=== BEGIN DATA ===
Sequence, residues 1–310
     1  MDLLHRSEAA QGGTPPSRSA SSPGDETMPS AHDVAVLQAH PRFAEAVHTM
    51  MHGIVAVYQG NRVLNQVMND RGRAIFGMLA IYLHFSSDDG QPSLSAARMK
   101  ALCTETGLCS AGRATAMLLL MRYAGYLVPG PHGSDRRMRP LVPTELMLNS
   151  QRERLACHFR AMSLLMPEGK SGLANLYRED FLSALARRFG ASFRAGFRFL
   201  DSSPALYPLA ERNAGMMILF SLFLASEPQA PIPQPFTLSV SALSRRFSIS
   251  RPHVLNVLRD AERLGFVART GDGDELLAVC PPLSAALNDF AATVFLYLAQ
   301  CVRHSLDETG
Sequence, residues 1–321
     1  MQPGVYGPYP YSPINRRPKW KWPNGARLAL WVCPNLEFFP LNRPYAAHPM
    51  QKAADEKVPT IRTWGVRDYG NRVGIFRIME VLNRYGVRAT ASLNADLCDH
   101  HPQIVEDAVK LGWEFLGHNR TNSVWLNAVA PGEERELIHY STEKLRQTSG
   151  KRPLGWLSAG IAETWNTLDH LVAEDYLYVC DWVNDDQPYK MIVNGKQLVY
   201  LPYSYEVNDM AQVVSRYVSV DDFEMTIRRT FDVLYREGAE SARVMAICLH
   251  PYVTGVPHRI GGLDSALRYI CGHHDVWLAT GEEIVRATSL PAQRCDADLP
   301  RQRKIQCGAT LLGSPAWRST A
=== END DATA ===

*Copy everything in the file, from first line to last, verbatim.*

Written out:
Sequence, residues 1–310
     1  MDLLHRSEAA QGGTPPSRSA SSPGDETMPS AHDVAVLQAH PRFAEAVHTM
    51  MHGIVAVYQG NRVLNQVMND RGRAIFGMLA IYLHFSSDDG QPSLSAARMK
   101  ALCTETGLCS AGRATAMLLL MRYAGYLVPG PHGSDRRMRP LVPTELMLNS
   151  QRERLACHFR AMSLLMPEGK SGLANLYRED FLSALARRFG ASFRAGFRFL
   201  DSSPALYPLA ERNAGMMILF SLFLASEPQA PIPQPFTLSV SALSRRFSIS
   251  RPHVLNVLRD AERLGFVART GDGDELLAVC PPLSAALNDF AATVFLYLAQ
   301  CVRHSLDETG
Sequence, residues 1–321
     1  MQPGVYGPYP YSPINRRPKW KWPNGARLAL WVCPNLEFFP LNRPYAAHPM
    51  QKAADEKVPT IRTWGVRDYG NRVGIFRIME VLNRYGVRAT ASLNADLCDH
   101  HPQIVEDAVK LGWEFLGHNR TNSVWLNAVA PGEERELIHY STEKLRQTSG
   151  KRPLGWLSAG IAETWNTLDH LVAEDYLYVC DWVNDDQPYK MIVNGKQLVY
   201  LPYSYEVNDM AQVVSRYVSV DDFEMTIRRT FDVLYREGAE SARVMAICLH
   251  PYVTGVPHRI GGLDSALRYI CGHHDVWLAT GEEIVRATSL PAQRCDADLP
   301  RQRKIQCGAT LLGSPAWRST A